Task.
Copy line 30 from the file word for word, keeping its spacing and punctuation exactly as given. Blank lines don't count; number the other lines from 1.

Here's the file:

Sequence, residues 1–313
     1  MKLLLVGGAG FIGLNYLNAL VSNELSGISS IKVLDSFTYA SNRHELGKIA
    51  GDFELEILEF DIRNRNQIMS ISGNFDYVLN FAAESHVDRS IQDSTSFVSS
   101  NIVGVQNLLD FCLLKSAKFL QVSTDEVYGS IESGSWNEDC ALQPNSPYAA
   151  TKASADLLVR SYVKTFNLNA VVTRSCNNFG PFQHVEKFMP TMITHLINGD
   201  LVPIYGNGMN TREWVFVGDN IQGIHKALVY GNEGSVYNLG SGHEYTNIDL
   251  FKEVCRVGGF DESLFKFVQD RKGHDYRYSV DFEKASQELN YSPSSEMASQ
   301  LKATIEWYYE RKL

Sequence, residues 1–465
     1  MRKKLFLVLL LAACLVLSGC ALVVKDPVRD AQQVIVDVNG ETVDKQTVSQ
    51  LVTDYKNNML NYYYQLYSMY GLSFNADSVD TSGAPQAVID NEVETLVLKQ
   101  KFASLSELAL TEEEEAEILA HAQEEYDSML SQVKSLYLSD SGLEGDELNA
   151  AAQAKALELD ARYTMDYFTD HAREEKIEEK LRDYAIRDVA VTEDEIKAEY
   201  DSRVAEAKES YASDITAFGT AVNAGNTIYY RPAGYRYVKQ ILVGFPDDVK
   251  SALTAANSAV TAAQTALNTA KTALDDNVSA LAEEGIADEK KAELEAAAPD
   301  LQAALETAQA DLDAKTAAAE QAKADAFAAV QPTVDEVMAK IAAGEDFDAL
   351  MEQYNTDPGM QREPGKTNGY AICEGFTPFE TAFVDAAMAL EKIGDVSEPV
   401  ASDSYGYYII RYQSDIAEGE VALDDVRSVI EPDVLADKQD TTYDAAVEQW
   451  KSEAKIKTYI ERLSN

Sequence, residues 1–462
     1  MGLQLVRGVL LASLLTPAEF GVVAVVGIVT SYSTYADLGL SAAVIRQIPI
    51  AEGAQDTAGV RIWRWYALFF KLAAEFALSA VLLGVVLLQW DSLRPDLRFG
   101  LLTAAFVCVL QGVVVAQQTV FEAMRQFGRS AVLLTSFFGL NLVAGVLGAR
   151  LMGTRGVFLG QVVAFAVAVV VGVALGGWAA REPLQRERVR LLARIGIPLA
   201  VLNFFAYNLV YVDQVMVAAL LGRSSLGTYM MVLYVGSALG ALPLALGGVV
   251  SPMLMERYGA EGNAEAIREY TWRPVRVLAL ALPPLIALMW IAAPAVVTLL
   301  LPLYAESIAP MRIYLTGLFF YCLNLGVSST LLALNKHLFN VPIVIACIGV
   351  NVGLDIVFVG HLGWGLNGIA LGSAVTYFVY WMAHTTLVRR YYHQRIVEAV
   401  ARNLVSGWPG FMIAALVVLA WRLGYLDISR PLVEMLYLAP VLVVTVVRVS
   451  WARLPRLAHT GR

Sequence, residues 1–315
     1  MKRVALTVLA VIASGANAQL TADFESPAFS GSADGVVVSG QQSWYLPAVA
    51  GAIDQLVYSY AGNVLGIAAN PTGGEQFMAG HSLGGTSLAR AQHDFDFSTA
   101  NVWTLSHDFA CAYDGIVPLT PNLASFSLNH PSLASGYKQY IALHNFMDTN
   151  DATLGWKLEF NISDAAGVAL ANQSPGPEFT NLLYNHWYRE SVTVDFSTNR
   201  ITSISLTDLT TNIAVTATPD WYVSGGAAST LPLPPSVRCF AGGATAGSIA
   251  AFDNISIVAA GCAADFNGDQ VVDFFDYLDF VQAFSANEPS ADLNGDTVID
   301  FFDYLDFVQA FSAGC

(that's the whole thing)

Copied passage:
   451  WARLPRLAHT GR